The Create Object Type dialog box is displayed.

  5. Enter a name and an optional description for the object type and click OK.

    The Object Type Editor is displayed. Use the following tabs on the editor to define the object type:

Name Tab

Use the Name field to enter a name for the object type. Use the Description field to enter an optional description for the object type. To rename an object type, select the name and enter a new name.

Follow the rules in "Naming Conventions for Data Objects" to specify a name and description.

Columns Tab

Use the Columns tab to define the attributes in the object type. This tab displays a table that you can use to define attributes. Each row in the table corresponds to the definition of one object type attribute.

Specify the following details for each attribute:

  • Name: Enter the name of the attribute. The attribute name must be unique within the object type.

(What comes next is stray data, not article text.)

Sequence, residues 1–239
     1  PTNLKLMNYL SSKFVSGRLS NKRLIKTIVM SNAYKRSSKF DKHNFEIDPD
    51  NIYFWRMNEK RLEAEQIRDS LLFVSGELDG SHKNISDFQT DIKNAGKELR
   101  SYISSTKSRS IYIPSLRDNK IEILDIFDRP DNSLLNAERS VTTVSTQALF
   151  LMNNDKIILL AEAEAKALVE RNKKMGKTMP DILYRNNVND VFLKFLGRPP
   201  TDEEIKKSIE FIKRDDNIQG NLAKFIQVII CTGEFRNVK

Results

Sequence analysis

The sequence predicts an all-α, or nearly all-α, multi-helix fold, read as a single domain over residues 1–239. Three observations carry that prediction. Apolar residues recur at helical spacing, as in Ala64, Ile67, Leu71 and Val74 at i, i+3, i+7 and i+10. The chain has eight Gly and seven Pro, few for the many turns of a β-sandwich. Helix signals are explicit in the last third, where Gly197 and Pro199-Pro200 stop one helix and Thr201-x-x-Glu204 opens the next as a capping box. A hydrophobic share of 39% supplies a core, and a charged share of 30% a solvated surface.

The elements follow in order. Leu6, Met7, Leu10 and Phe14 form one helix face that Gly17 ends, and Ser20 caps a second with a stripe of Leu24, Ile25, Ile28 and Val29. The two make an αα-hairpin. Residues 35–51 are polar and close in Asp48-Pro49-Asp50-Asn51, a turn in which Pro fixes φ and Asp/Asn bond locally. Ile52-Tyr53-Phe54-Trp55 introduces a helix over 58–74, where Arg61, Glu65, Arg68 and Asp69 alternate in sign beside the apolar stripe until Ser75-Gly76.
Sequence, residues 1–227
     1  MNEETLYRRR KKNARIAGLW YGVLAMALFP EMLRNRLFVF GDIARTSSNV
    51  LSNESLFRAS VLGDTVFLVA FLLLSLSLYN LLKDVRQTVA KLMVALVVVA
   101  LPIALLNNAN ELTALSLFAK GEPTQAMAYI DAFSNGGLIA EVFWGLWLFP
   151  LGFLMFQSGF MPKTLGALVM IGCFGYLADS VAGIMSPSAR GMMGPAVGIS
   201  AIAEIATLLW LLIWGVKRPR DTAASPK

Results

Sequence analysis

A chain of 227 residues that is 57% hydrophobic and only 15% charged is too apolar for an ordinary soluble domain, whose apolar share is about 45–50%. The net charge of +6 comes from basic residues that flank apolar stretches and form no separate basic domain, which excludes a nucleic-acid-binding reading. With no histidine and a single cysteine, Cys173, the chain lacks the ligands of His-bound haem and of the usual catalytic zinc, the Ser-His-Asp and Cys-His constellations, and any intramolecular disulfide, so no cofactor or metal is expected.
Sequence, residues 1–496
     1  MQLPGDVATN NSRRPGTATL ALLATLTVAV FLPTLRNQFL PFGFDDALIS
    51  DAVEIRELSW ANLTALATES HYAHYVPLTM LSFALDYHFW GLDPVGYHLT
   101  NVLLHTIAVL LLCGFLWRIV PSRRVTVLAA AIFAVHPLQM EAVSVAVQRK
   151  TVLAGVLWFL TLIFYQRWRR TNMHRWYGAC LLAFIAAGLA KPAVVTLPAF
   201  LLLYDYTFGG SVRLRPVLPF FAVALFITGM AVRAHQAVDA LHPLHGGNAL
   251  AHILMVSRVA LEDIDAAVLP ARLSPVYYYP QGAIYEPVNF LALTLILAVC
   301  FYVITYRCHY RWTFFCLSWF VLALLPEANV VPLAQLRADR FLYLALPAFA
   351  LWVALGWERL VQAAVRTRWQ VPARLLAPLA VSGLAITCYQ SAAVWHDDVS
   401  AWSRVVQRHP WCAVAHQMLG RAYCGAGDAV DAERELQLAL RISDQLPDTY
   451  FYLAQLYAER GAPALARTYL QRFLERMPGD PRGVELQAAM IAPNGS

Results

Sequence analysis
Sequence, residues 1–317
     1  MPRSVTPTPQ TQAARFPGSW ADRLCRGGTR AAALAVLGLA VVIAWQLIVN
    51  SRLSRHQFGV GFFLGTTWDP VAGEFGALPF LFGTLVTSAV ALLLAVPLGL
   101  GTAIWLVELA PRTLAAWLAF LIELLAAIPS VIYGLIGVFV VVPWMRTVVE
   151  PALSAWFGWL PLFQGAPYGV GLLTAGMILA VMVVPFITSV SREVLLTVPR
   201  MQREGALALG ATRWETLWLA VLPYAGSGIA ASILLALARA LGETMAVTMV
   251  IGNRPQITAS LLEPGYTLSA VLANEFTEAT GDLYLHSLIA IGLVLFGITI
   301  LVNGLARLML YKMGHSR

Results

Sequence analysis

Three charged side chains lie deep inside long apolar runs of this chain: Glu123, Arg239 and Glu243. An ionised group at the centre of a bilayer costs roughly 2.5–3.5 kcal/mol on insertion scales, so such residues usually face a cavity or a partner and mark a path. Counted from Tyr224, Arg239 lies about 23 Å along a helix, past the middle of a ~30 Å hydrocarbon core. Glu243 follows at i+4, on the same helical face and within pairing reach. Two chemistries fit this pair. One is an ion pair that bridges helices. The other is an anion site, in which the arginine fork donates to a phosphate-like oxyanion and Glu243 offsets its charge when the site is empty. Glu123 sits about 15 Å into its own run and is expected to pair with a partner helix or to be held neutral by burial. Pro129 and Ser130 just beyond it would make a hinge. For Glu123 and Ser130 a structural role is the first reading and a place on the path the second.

• Data Type: Select the data type of the attribute from the Data Type list. Warehouse Builder assigns a default data type for the attribute based on the name. For example, if you create an attribute named start_date, then the data type assigned is DATE. You can change the default assignment if it does not suit your data requirement.

    See Also:

    "Supported Data Types" for a list of supported Oracle Database data types
  • Length: Specify the length of the attribute. Length is applicable to character data types only.

  • Precision: Specify the total number of digits allowed for the attribute. Precision is applicable for to data types only.

  • Scale: Specify the total number of digits to the right of the decimal point. Scale is applicable to numeric data types only.

  • Seconds Precision: Specify the number of digits in the fractional part of the datetime field. Seconds precision is used for TIMESTAMP, TIMESTAMP WITH TIME ZONE, and TIMESTAMP WITH LOCAL TIME ZONE data types.